You may not realize it, but some of the greatest achievements in modern history were founded by neurodivergent individuals; those that live with dyslexia, dyspraxia, autism, ADHD, or any other neurological conditions that can affect memory, concentration or the way people process information. From Albert Einstein to Bill Gates, there are countless inspirational figures who have embraced their differences to achieve great things.
Neurodivergent individuals can struggle with various tasks depending on their condition, such as spelling, reading and writing in the case of dyslexia, or planning and staying focused if they have ADHD (attention deficit hyperactivity disorder). Although this can affect their confidence, neurodivergent people tend to be very creative and great problem solvers, easily spotting trends and patterns and being able to approach problems from unique perspectives. This is often because they’ve had to adapt the way they learn or work to overcome the challenges they face in their everyday lives.
For these reasons and many others, neurodivergent individuals have achieved great feats in their lifetimes (particularly in fields relating to science and mathematics) and make wonderful additions to any workplace.
Here are just some of the famous achievements that were founded by those you may not have realized had a neurological difference…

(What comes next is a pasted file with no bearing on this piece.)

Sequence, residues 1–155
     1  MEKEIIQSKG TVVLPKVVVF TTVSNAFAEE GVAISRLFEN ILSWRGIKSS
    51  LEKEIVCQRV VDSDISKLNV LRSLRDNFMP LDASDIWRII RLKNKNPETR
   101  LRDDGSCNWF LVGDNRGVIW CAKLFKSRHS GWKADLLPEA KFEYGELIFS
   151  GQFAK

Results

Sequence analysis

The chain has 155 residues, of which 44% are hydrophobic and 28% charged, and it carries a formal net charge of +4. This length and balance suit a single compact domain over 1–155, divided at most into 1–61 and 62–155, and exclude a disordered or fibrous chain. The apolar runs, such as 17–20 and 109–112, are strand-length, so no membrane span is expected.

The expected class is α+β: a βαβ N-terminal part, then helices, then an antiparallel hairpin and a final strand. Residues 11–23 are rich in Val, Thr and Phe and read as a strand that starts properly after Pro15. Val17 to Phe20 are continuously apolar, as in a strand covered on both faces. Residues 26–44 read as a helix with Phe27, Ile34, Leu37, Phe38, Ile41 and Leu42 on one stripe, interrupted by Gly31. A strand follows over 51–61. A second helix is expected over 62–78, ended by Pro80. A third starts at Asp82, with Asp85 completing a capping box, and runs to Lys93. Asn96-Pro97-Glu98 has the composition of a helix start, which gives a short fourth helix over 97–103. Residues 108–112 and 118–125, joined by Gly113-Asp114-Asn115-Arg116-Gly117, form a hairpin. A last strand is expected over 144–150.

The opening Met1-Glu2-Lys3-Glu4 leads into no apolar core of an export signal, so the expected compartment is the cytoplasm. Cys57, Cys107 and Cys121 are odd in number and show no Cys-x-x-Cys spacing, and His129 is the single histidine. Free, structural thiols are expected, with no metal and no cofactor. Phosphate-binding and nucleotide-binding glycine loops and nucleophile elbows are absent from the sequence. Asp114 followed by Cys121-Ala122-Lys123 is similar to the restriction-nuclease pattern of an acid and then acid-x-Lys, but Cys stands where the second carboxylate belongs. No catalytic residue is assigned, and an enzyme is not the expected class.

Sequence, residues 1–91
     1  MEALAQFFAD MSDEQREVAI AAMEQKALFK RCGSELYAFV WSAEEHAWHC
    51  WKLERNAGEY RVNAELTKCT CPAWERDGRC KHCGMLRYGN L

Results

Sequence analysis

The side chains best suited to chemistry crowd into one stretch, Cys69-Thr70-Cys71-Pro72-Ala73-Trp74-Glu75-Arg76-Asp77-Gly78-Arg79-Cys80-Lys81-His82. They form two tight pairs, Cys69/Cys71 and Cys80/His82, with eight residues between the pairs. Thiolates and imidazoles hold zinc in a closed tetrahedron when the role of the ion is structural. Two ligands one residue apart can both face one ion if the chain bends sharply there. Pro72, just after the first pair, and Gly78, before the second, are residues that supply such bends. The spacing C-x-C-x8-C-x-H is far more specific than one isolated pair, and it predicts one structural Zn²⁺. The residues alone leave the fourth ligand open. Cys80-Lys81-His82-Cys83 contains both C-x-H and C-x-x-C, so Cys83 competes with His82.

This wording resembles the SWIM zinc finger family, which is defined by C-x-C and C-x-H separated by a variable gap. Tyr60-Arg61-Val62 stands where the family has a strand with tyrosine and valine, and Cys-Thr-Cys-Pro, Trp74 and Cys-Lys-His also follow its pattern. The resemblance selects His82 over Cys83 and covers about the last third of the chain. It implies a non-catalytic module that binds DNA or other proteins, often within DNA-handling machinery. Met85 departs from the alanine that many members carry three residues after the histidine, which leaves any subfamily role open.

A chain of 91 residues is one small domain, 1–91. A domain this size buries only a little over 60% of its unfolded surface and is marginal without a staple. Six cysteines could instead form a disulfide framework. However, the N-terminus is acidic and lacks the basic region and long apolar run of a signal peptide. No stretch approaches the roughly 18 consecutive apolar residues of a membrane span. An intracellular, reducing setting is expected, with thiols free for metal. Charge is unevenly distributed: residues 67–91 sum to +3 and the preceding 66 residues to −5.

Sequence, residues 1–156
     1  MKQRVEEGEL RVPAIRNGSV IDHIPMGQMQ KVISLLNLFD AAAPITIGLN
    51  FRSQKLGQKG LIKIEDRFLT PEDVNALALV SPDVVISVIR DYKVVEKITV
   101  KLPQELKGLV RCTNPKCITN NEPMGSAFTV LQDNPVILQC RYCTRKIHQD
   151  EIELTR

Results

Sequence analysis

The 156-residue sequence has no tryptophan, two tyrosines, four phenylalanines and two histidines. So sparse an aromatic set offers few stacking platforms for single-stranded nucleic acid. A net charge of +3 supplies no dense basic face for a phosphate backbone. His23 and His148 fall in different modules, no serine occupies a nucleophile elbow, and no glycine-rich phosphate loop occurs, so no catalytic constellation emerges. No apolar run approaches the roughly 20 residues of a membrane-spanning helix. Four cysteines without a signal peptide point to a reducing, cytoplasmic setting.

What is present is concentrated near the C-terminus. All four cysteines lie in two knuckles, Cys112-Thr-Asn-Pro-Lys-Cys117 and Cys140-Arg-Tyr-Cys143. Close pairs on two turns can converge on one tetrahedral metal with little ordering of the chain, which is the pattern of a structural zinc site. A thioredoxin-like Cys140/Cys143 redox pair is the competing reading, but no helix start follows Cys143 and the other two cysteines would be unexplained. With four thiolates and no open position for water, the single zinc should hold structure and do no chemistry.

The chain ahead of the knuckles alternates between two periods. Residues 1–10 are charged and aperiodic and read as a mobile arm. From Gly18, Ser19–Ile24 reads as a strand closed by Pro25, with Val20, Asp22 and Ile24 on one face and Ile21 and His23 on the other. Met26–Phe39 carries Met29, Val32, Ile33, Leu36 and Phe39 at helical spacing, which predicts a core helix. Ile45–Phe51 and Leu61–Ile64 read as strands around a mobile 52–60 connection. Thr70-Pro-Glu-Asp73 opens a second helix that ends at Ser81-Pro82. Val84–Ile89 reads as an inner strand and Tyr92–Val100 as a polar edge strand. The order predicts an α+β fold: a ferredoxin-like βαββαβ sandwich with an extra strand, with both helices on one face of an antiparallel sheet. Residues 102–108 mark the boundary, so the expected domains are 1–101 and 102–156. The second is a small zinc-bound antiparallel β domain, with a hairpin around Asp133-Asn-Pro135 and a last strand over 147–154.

Alan Turing is regarded as one of the most innovative thinkers and brilliant mathematicians of the 20th century due to his work at Bletchley Park during World War II. Thanks to his role in cracking the ‘Enigma’ code used by the German Armed Forces, Turning helped to shorten the war by two years and saved 14 million lives. He is also renowned for his work surrounding A.I (artificial intelligence), creating the Turing Test to determine whether computers are capable of exhibiting intelligent, human-like behavior. This test is still used today.
Despite these achievements, Turing struggled at school being described as ‘antisocial’ in school reports and considered to be wasting the time of his teachers due to his passion for science and disinterest in studying the classics, which were considered to be essential. Although there were no tests to determine whether he lived with either of these conditions, many people theorize that Turing may have been dyslexic or autistic due to these characteristics.
Like Turning, Albert Einstein is also hailed as one of the greatest thinkers of the 20th century – and although it is unproven, there is plenty of evidence to suggest that Einstein may have also had dyslexia. He famously had problems with spelling and grammar, excelling in mathematics and science instead. Einstein also experienced delayed speech, not speaking comfortably until he was 6 years old, and many said he continued to experience difficulty when reading aloud.
Today, we all know Einstein as the influential physicist who developed the theory of relativity which proved the existence of black holes. His work changed the way we think about gravity and has become one of the two pillars of modern physics. Amongst his extensive list of achievements, he also won the Nobel Prize for Physics in 1921 for his explanation of the photoelectric effect.